We were in Selma, Alabama, to see the Edmund Pettus Bridge and maybe have our flagging hope revived. He stood in our way beside a card table in the sweltering heat. A man of his advanced age could have only been out in the midday sun to hawk cheap souvenirs. His wrinkled arm beckoned. I rushed by to evade his pitch but failed at avoiding eye contact.
“Sorry, sir, I don’t want to buy anything,” I told him. “No,” he said, pursuing me, “just come and see what I did.” Now I was curious.The church needs nearness and proximity, Pope Francis says, if we are to heal wounds. Only by drawing near to the one waiting at the well will we find the living water we thirst for. Click To Tweet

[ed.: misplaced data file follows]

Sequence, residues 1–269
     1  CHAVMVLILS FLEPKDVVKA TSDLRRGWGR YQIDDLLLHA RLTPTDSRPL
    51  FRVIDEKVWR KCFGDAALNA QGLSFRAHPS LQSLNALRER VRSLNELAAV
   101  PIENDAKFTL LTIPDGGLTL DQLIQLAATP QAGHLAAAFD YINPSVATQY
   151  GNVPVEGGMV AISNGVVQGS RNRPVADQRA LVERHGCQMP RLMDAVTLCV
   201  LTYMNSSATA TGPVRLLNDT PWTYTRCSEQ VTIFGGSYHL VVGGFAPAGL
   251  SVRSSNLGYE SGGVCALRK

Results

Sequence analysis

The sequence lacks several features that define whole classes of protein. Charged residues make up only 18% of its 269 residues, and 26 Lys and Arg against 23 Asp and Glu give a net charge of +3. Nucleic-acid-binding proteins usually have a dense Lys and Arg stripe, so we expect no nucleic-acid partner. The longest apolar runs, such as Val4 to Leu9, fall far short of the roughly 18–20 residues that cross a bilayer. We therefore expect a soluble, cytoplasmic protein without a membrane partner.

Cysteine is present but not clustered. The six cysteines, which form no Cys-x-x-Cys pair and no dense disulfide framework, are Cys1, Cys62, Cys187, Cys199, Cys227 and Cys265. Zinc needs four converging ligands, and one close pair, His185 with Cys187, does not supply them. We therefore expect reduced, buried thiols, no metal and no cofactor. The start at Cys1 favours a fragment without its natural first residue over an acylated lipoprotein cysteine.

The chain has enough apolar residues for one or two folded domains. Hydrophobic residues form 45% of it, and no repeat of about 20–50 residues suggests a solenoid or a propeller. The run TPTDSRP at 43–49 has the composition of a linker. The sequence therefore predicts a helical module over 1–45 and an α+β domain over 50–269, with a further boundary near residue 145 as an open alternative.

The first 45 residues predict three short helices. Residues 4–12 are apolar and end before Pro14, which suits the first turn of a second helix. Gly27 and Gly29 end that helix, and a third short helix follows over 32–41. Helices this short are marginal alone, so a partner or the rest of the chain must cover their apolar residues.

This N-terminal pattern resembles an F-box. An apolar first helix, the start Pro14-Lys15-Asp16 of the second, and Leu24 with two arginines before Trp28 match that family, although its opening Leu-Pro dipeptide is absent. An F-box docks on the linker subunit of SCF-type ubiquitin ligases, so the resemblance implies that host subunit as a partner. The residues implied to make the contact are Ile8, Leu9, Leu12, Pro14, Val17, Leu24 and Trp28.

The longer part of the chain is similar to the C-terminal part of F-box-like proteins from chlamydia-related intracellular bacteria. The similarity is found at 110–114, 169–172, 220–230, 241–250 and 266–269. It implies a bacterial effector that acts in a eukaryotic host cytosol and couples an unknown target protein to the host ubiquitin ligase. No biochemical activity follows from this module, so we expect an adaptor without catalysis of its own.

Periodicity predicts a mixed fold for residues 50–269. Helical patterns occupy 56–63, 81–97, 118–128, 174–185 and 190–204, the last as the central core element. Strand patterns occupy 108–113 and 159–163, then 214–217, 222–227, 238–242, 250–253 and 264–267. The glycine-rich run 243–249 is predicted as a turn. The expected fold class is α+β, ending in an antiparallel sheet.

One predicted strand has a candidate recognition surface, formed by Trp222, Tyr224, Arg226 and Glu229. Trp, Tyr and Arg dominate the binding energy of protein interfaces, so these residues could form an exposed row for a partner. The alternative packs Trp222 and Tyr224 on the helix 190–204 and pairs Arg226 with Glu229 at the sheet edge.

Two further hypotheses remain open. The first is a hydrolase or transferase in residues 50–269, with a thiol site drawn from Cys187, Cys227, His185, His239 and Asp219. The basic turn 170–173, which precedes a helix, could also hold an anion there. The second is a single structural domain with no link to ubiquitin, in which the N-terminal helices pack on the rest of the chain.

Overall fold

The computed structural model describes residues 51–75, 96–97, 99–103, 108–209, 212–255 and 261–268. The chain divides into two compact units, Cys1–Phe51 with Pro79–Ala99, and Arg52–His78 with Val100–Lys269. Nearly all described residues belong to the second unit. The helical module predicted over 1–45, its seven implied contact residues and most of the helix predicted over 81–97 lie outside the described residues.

George Sallie’s table was strewn with photos, news clippings, certificates, and programs bearing witness to what this 93-year-old man had done on March 7, 1965. He was one of the “foot soldiers” who tried to march from Selma to Montgomery for the Black community’s right to vote. He took off his cap to show us a long scar across his bald head, his own souvenir from the violent attack at that bridge which stopped the marchers, but not the movement.
“This is my holy ground,” he said. “I pray for people here. I tell them the story.”
The church needs nearness and proximity, Pope Francis says, if we are to heal wounds. Only by drawing near to the one waiting at the well will we find the living water we thirst for.